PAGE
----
Lawrence & Barham  (1974)

Maybe "it is not so much the insights about authority which are important...but rather the method of examining experience to gain insight."  (p. 96)

Lawrence  (1979)

It "is just not a matter of perceiving but also of personally inquiring into how one arrived at a particular perception."  (p. 5)

The members have the authority "to realize their interpretations of the situation (and) exercise their authority to test realities."  (p. 6)

Individual are forced "to consider what is relevant in taking up the role of member as opposed to merely attending the conference."  (p. 13)

Lawrence  (1979a)

Objectivity "is essentially the clarification of one’s own subjectivity."  (p. 235)

Disorder "is not to be kept at bay but entertained, understood, and worked with as a route to new forms of being which would include the political relatedness of the individual to (the group)...."  (p. 240)

"The individual who explores his own subjective experiences runs the risk of being converted into the ‘mad person,’ and then the remainder can hold the picture of being ‘civilized’ and ‘contented.’"  (p. 242)

"Having more, wanting more, and envy of those who have more, have replaced values about being."  (p. 246)

"In a mass society the freedom to experience anxiety is removed by the conventional belief that anxiety equal sickness and is to be wished away by means of tranquilizers."  (p. 248)

"Social hope beings with men and women questioning cultural assumptions and taking authority for interpreting them, no matter where that search for truth leads."  (p. 249)

Lawrence  (1982)

Politics "‘is about disagreement or conflict; and political activity is that which is intended to bring about or resist change, in face of possible resistance....  Conflict lies at the heart of politics.’"  (p. 2)

Relations "‘between two systems are political when one system is consciously or unconsciously attempting, or is perceived as attempting, to impose its goals and values on another.’"   (p. 2)

"(G)ood objects are remembered and bad ones only hidden in the unconscious."   (p. 6)

"Responsibility cannot be delegated...."  (p. 10)

The "acquisition of competence can be seen as one way (members defend)...against the control management." (p. 16)

The group’s affect reflects "a strong sense that life (has)...been predetermined."  (p. 17)

"The notion of ‘acting-back’ on this environment appears to be far from people’s minds."   (p. 22)

The "aggressive instinct seems never to be satisfied with entirely impersonal objectives."  (p. 26)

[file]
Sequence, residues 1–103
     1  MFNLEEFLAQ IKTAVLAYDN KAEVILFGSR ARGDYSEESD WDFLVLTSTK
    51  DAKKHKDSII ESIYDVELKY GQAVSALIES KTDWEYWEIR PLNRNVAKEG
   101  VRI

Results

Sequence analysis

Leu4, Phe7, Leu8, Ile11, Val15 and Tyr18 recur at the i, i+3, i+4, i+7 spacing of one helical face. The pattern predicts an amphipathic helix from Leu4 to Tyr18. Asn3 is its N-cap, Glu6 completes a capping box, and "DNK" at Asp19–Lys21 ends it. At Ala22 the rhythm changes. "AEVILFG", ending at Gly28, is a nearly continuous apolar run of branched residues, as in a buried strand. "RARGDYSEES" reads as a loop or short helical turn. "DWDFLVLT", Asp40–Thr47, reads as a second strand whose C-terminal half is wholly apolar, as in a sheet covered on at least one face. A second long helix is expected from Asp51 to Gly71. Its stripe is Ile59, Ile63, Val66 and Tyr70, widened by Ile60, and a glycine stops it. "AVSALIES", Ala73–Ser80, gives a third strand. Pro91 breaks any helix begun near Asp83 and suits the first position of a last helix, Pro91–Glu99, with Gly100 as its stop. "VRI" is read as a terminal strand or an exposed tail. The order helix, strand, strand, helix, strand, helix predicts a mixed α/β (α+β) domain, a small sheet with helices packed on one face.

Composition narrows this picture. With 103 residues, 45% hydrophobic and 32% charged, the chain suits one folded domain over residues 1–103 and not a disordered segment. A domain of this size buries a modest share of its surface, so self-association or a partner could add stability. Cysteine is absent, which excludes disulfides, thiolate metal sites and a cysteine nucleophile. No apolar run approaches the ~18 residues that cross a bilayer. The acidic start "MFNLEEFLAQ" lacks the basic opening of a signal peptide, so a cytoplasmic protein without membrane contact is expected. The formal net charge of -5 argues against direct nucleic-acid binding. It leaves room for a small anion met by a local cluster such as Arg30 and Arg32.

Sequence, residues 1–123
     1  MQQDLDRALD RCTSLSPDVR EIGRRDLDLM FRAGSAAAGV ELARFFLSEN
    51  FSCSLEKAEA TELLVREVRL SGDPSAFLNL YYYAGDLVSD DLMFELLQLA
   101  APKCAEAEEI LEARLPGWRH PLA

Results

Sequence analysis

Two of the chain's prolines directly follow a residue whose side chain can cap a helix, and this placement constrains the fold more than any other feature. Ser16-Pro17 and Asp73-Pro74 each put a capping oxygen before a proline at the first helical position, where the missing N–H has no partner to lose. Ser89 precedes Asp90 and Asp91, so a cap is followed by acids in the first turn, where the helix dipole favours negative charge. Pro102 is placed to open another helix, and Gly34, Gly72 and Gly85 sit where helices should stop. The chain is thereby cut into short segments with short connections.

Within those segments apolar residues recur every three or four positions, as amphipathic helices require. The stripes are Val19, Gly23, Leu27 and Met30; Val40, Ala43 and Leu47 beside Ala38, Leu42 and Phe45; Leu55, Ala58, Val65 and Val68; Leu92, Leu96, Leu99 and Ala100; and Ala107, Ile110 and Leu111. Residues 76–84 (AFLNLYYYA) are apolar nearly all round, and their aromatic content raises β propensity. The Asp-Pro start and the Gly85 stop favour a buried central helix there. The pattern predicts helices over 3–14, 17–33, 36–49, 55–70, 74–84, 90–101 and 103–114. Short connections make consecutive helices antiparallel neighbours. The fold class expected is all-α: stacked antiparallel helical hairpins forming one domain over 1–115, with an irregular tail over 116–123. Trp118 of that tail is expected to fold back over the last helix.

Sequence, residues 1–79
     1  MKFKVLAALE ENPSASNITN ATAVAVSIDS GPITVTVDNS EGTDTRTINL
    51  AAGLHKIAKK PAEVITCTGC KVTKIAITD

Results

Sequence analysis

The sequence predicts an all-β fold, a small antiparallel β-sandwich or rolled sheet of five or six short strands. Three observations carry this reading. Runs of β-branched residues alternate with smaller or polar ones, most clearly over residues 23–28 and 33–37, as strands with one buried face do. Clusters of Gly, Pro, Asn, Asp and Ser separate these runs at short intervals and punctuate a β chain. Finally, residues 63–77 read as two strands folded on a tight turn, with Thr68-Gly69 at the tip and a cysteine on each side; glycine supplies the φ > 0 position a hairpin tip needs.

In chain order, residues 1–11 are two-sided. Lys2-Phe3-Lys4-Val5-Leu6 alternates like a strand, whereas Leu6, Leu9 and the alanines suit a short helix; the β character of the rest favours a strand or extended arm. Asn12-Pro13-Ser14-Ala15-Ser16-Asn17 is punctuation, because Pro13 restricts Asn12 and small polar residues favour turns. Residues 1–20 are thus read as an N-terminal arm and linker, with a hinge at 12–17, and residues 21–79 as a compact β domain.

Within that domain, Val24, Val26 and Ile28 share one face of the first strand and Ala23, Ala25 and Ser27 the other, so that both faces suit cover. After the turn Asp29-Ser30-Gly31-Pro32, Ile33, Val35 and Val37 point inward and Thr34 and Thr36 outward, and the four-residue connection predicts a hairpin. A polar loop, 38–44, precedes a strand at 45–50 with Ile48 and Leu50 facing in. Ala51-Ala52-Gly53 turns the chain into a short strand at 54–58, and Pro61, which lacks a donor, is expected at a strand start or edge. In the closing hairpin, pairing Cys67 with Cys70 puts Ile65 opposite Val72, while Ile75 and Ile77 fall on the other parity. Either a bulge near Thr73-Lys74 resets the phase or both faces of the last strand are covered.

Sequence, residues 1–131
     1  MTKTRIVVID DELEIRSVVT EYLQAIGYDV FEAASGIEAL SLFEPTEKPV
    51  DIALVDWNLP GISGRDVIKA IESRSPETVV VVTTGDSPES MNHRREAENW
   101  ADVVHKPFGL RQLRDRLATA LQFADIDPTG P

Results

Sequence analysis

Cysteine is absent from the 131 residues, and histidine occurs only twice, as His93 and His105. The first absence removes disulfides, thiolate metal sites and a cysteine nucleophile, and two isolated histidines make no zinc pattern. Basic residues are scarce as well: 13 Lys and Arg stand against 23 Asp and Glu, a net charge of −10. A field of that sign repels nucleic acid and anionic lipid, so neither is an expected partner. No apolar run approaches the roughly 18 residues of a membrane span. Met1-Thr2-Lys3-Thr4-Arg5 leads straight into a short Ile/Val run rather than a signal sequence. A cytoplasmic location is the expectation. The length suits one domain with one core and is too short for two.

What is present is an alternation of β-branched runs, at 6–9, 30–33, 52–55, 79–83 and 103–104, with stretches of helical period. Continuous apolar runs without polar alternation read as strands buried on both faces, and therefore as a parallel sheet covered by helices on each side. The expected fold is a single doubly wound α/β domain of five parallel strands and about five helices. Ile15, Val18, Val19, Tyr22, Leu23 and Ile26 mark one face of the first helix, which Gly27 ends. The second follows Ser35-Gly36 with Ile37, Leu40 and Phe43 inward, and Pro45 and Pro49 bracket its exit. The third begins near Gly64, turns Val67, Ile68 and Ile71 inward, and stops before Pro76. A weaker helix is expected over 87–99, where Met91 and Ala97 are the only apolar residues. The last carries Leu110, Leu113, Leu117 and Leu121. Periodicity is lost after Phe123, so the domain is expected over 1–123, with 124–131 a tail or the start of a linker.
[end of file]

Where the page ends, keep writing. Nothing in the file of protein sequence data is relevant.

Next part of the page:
The group is struggling to reconcile "the inner world of phantasy and the outer world of other people."  (p. 29)

"Greater assurance about mastery of anxiety is gained by effective collaboration with other members of the organization in taking organizational action about the organizational problems which incorporate the personal problems."  (p. 31)

"‘Solidarity...means that one wants to please one’s peers, not one’s bosses.  This is not only easier, but also more fun.  Tea breaks and chats in the yard and dart games in the pub make life pleasant; the fact that nobody will do anyone else’s job gives everybody security; people’s aspirations do not take them out of their group, but concern the group as such.’"  (p. 34)

Lawrence  (1985)

"‘To define is to kill
To suggest is to create.’"  (p. 310)

The intergroup and institutional events provide "an opportunity for members and staff to re-affirm their capacities to inspect and question the social contexts in which they are existing."  (p. 313)

In our work together, I shall use "the concept of primary task (as)...a heuristic device and not a prescriptive one, though it can be reduced to that...."  (p. 313)

The "staff both in their managerial and consultant roles are working to enable the membership to find their authority."  (p. 315)

"(A)ny voice echoes a past of other voices."  (p. 320)

By "naming what is believed to be the experience, the possibility of knowing what the experience might be in itself is lost."  (p. 320)

The "‘logical useless for exploration....  ‘Proof’ of sanity is available only to those discharged from mental institutions.’"  (p. 323)

The conference offers "one of the few locations in time and space where individuals have a chance to reflect on the connections between private troubles and public issues...."  (p. 328)

"‘Every (boundary) a beginning as well as an ending.’"  (p. 328)

Lear  (1980)

"Structure has to be missed for some time to be believed important."  (p. 291)

"I could draw attention to the tension existing at the boundary between the (conference)...and the host organization."  (p. 292)

"The S. 0. S. from this large group (is)...‘Seek Out Structure’ or we are lost."  (p. 294)

Lederer (1968)

Clearly "some occupations, some mannerisms and some clothing are considered proper for one sex and not for the other, and while a woman aspiring to that which is regarded as mannish may arouse resentment, a man engaging in what is thought to be womanish incurs ridicule and contempt--thin veils for the fear aroused by a broken tabu."  (pp. 36-37)

"Well, yes, we must face it: the little woman--or, more specifically, her body--has, throughout history though to varying degrees, been considered dirty, diseased, putrid--the more so, perhaps, as she is actually desirable."  (p. 37)

Where "nothing is life-like, nothing speaks of death."  (p. 42)

Long ago, "as sometimes since--loving a queen was a heroic way to a short life."  (p. 60)

"Things get less romantic when the victims of women are not men, but children."  (p. 60)

"Hell hath no fury like a woman scorned...."  (p. 76)

"Territoriality precedes morality...."  (p. 88)

"‘The closest agreement (men)...have with (women) still tumultuous and stormy.’"  (p. 91)

"‘One hesitates to say it out loud, but still one cannot resist the thought that the level of normal morality is different for women.’"  (p. 93)